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Surg Neurol. 2003 Jul;60(1):71-9.

Bone autografting of the calvaria and craniofacial skeleton: historical background, surgical results in a series of 15 patients, and review of the literature.

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  • 1Department of Pharmacology of Natural Molecules and General Anatomy, University of Rome La Sapienza, Piazza le Aldo Moro 5, 00185 Rome, Italy.

Abstract

BACKGROUND:

Although the use of autologous bone for reconstruction of the cranial and facial skeleton underwent a partial reappraisal following the introduction of a vast range of alloplastic materials for this purpose, it has demonstrated definite advantages over the last century and, particularly, during the last decade.

METHODS:

Fifteen patients underwent cranial and/or cranio-facial reconstruction using autologous bone grafting in the Department of Neurologic Sciences-Neurosurgery and the Division of Maxillo-Facial Surgery of the Rome "La Sapienza" University between 1987 and 1995. This group of patients consisted of 8 females and 7 males whose average age was 29.5 years (range 7.5 to 59 years, mean age 30). In all these patients cranioplasty and/or cranio-facial reconstruction had been performed to repair bone defects secondary to benign tumors or tumor-like lesions (12 cases), trauma (2 cases), or, in the remaining case, to wound infection after craniotomy for a neurosurgical operation.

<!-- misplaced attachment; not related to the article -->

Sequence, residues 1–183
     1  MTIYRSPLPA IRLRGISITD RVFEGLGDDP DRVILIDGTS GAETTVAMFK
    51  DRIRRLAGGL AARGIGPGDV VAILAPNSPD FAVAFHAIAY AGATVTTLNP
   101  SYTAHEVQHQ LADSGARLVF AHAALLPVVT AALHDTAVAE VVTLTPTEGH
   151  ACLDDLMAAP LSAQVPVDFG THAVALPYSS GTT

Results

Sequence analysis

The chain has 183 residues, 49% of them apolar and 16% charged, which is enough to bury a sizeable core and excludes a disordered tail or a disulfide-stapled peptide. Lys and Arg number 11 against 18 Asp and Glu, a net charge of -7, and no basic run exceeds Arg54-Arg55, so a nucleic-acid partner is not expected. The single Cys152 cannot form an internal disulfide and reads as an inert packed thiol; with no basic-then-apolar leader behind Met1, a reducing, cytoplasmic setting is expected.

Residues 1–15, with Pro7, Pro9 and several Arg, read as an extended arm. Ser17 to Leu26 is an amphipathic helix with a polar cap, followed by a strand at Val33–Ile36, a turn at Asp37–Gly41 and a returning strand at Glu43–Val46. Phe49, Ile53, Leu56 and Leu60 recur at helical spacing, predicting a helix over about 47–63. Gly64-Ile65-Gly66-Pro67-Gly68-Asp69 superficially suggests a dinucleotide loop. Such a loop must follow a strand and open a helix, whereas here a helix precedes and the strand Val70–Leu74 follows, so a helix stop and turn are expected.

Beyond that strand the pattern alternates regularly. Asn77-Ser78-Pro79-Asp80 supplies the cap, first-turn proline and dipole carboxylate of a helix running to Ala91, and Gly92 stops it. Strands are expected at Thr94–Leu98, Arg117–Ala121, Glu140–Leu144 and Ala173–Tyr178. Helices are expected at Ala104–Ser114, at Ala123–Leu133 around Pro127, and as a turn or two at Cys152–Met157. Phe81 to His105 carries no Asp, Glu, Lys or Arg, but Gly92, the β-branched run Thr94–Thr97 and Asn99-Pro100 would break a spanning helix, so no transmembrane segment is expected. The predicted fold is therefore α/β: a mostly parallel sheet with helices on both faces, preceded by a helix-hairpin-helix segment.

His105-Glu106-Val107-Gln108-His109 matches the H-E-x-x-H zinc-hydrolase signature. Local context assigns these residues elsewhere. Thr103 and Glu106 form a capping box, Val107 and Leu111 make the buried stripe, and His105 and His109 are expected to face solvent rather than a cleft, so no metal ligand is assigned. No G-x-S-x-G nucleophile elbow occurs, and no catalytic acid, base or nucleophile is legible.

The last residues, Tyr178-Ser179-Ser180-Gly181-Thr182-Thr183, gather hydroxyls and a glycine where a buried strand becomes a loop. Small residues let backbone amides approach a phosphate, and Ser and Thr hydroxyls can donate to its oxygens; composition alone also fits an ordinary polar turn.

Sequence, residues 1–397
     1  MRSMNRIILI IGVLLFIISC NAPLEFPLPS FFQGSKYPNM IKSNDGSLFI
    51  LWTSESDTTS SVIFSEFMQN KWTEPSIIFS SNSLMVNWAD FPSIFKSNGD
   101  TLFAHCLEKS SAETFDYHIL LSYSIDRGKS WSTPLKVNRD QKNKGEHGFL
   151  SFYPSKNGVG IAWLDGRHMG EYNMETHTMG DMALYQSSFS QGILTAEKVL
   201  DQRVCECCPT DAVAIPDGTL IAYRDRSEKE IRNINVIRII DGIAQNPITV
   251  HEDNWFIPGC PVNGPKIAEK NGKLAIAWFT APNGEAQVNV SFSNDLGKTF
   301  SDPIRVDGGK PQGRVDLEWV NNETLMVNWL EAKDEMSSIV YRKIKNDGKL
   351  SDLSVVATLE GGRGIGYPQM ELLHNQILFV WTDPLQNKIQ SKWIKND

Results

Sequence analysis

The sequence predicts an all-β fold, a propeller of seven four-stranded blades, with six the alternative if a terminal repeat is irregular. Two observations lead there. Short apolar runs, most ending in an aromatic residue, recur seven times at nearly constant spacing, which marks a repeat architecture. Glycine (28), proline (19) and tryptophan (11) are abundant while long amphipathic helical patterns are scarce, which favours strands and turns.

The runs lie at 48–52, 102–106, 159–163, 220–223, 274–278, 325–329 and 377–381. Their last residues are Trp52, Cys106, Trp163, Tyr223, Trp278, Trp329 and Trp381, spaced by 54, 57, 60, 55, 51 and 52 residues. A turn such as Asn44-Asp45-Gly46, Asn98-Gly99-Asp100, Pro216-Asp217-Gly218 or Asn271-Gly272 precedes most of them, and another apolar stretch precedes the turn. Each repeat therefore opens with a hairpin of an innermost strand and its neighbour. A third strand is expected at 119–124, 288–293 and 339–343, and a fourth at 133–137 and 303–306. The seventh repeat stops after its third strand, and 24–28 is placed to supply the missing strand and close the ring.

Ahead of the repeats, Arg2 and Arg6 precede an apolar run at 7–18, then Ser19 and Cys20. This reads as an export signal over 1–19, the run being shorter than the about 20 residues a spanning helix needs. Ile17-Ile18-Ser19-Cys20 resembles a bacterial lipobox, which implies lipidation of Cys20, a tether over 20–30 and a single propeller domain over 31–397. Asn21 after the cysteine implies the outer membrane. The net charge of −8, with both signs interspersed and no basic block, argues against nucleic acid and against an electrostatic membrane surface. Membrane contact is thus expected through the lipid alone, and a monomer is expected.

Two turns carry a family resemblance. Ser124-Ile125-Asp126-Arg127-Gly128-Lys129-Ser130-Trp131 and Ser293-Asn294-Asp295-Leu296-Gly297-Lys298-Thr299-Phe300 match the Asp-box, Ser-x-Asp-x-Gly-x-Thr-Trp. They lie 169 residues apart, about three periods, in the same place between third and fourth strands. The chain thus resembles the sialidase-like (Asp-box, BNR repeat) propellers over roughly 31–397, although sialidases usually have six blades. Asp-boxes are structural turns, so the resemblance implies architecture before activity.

RESULTS:

The results obtained in a series of 15 patients treated using this method are described with reference to the abundant data published on this topic.

CONCLUSION:

The mechanical, immunologic, and technical-grafting properties of autologous bone, together with its superior esthetic and psychological effects, probably make it the best material for cranioplasty.

PMID:
12865021
[PubMed - indexed for MEDLINE]
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